Senn pointed out that this move toward what is organic and environmentally friendly means moving toward products that contain no dye or dye that is made from natural products, and that in turn will continue to influence color palettes, brining in more neutral colors like green, brown and beige.

Color will also be bringing in "hope, serenity, comfort, security, and escape," Senn said.

Porter sees the colors for the coming year in the United States as being influenced in part by First Lady Michele Obama's choices, with purples and corals predominant. "Americans are falling in love with color again," Porter said.

© Porter House Designs
© Porter House Designs

"Design magazines and web sites are doing a better job of emphasizing color as a major design element," Porter said. "People are not as afraid of painting and coordinating colors because they're starting to see more ways of how different hues can be combined."

Pantone has announced that turquoise will be the color of the year, providing "a feeling of exotic escape and tranquility as we relate it to fantasy get aways, and the tranquility of water, and beautiful blue skies," Senn said.

Yellow and moss green will also be making an appearance.

Senn also sees lavender as coming in as a "must-have color for the bedroom, signifying elegance and luxury in a toned down fashion." We'll even be seeing it as a new shade for appliances.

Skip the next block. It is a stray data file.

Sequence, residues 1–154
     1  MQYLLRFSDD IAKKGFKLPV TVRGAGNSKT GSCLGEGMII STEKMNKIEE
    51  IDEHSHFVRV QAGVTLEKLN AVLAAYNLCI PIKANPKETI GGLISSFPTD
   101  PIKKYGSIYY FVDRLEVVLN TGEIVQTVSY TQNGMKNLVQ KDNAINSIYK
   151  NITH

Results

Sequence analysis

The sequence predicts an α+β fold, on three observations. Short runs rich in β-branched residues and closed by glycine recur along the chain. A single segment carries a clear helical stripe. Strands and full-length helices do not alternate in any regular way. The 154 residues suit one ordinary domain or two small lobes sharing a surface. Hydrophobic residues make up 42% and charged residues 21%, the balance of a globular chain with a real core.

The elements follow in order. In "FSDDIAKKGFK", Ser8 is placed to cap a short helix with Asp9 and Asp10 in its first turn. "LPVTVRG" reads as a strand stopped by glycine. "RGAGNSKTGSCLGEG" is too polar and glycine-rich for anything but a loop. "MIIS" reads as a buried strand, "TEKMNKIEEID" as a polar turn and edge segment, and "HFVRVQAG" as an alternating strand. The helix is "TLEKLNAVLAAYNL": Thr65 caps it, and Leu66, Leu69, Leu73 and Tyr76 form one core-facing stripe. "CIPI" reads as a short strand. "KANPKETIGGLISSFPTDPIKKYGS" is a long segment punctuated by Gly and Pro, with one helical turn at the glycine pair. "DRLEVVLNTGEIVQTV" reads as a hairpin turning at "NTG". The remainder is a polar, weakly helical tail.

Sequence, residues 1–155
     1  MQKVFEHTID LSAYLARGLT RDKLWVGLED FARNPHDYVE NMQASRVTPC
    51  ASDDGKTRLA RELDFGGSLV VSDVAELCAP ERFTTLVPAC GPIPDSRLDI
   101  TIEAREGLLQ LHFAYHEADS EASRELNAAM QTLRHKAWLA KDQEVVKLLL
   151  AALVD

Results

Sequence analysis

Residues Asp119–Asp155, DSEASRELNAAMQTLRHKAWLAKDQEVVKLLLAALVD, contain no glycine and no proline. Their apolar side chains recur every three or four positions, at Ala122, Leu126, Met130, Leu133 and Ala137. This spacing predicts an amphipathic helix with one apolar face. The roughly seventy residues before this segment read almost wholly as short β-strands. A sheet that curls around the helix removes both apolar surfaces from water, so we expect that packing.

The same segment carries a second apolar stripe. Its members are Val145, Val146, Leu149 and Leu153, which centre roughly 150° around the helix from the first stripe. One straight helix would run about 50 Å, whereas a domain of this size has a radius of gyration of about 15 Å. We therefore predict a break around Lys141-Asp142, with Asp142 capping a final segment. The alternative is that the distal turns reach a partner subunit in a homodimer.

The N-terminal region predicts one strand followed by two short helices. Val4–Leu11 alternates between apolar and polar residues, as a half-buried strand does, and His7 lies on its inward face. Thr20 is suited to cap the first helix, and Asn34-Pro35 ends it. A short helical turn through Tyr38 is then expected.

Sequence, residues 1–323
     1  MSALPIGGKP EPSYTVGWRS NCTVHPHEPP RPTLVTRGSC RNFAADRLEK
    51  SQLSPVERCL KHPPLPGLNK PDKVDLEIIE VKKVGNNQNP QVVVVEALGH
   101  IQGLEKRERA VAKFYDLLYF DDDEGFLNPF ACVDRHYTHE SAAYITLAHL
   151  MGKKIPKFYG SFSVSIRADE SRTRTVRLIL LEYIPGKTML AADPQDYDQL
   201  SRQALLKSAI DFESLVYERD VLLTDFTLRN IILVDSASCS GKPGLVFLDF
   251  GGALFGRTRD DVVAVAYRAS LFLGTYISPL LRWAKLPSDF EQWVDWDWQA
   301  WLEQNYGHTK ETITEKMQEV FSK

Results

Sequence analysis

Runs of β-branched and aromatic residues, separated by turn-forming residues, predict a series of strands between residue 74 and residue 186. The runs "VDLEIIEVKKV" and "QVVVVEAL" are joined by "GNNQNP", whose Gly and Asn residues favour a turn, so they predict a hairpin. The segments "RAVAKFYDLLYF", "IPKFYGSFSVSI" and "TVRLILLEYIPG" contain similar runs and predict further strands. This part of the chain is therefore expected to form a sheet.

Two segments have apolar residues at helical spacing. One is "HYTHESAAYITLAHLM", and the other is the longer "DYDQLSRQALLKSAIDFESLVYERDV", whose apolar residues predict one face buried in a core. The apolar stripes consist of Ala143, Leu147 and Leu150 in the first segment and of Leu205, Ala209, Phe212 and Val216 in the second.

© Decorate Smart

"In a bad economy, lavender provides a lift, allowing you to feel royal in the kitchen or laundry. Slate and charcoal grays are the new neutrals, however with the continued surge in interest in organic or environmentally friendly products, beiges, browns, and greens will continue to be in play."

When we interviewed Senn and Porter, the main point on which they diverged was in terms of exteriors of homes. Porter sees homeowners continuing to stay the course, going with classic looks that "reflect the style and culture of the region that they're located in."

"Most homeowners want to blend in with the neighborhood," Porter said. "In addition, homeowner associations often ensure that home exteriors stay consistent throughout the community. I think homeowners will stay conservative on the outside and express themselves creatively on the inside."

Porter House Designs

Senn sees the trend going in the opposite direction.

"With so many exceptional colors available, people are committing to rich, sophisticated colors for the outside of their homes."

Perhaps it's the housing crisis that's contributing to more attention being paid to "curb appeal," but there is also an ideology of extending the indoors outdoors, Senn said.

"Exterior colors and style are being amped up to show the character of the indoors outside, and porches are also being turned in to outdoor rooms," she said. "Exteriors are no longer outdoor spaces, they are extensions of the square footage of the home, and are being given as much attention to function, mood, and harmony, as the interior spaces."

The new and innovative eco-friendly and sustainable building materials which are rapidly becoming more available are helping to encourage more attention to exteriors. "These products are in high demand, and will be a strong driving force in exterior trends for 2010."

Designers today are among the most innovative people, and the creative way they're turning the troubles of our times into distinctive looks for the home proves that. We're looking forward to seeing what 2010 will bring as we work together to bounce the economy back and protect our fragile, beautiful world.